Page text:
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Advance directives: what are they?

Published on Wednesday, October 04, 2017
In addition to having a conversation with family and loved ones regarding end-of-life care, it is important to have your wishes documented as part of advance directives. One important component of advance directives is the durable power of attorney for health care, which allows you to establish a patient advocate to speak on your behalf if you are incapacitated. This person does not have to be a family member, and should be someone you trust to carry out your wishes if you cannot verbalize them. Advance directives are the key to ensuring you get the treatment you want in the event you cannot speak for yourself.

In addition to establishing advance directives and naming a patient advocate, health professionals recommend including specific instructions regarding the care you would and would not like to receive. This should include instructions in the instance your health status changes or unforeseen situations occur. It is important to speak with your patient advocate in detail regarding your wishes and what you consider a quality life. If there are certain actions you would or would not want to be taken, such as life-sustaining measures, they should be explicitly written in your advance directives. If not, and you were to become incapacitated, it may place unnecessary stress on you, your patient advocate, family and loved ones.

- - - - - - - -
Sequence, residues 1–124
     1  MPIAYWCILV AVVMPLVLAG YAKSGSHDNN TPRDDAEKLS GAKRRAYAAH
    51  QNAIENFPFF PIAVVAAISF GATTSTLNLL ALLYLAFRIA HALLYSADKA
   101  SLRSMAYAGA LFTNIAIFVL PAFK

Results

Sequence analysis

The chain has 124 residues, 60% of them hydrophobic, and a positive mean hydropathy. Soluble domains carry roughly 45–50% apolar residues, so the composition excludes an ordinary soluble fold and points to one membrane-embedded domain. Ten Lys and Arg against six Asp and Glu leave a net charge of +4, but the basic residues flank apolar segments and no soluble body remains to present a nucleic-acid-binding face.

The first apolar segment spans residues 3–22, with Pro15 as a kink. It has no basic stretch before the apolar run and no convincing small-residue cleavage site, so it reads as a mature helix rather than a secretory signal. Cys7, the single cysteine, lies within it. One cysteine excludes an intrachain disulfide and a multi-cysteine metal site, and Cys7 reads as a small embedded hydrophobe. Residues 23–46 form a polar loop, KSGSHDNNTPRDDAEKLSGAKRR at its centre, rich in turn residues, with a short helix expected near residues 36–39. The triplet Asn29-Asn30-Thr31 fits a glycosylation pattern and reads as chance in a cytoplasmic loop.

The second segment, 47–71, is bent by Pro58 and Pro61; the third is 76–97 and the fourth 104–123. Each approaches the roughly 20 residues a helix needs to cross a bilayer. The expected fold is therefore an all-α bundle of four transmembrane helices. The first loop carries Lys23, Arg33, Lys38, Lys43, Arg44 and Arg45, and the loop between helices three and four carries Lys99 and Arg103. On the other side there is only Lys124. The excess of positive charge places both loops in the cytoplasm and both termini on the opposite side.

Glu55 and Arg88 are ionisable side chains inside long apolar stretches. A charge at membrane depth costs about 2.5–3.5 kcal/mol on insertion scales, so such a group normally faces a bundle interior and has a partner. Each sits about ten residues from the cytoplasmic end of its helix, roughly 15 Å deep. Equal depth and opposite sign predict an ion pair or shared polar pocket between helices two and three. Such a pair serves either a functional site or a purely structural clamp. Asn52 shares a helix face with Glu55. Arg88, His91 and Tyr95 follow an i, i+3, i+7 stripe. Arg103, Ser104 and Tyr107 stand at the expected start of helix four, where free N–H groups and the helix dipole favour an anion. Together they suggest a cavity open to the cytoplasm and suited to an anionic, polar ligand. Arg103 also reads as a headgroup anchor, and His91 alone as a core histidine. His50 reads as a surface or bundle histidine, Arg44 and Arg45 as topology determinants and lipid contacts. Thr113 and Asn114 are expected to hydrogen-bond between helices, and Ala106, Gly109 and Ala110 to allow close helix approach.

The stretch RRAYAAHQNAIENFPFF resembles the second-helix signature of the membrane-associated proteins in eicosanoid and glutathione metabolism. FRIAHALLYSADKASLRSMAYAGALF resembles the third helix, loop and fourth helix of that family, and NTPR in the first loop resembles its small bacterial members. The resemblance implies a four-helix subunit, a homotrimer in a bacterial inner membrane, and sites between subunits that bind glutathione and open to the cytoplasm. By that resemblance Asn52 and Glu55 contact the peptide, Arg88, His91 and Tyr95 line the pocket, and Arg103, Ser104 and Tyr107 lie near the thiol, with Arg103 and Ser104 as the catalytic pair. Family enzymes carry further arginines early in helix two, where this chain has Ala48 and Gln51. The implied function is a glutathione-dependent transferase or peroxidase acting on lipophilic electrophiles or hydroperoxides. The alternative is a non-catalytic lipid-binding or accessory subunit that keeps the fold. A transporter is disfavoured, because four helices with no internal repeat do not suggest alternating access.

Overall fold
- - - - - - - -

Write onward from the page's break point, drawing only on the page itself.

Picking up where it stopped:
In the case of an emergency, advance directives are especially important. If you were to become ill and hospitalized, it is the hospital’s duty to sustain your life, regardless of the chance of recovery, the ability to pay for services, or the emotional toll on family and loved ones. By having advance directives established, you can ensure your wishes regarding end-of-life care are acknowledged and fulfilled by medical staff. Creating advance directives is simple and helps establish peace of mind for your family and loved ones.

Once your patient advocate has been named, that person is responsible for making decisions regarding care, custody, medical and mental health treatment. This may include employing and discharging medical staff, consent or withdrawal of treatment, or even arranging care at home or in a nursing home. Having your wishes documented will help ensure your patient advocate understands the medical and mental health treatment you wish to receive.

Check back next week for part three of our five-part series on advance directives.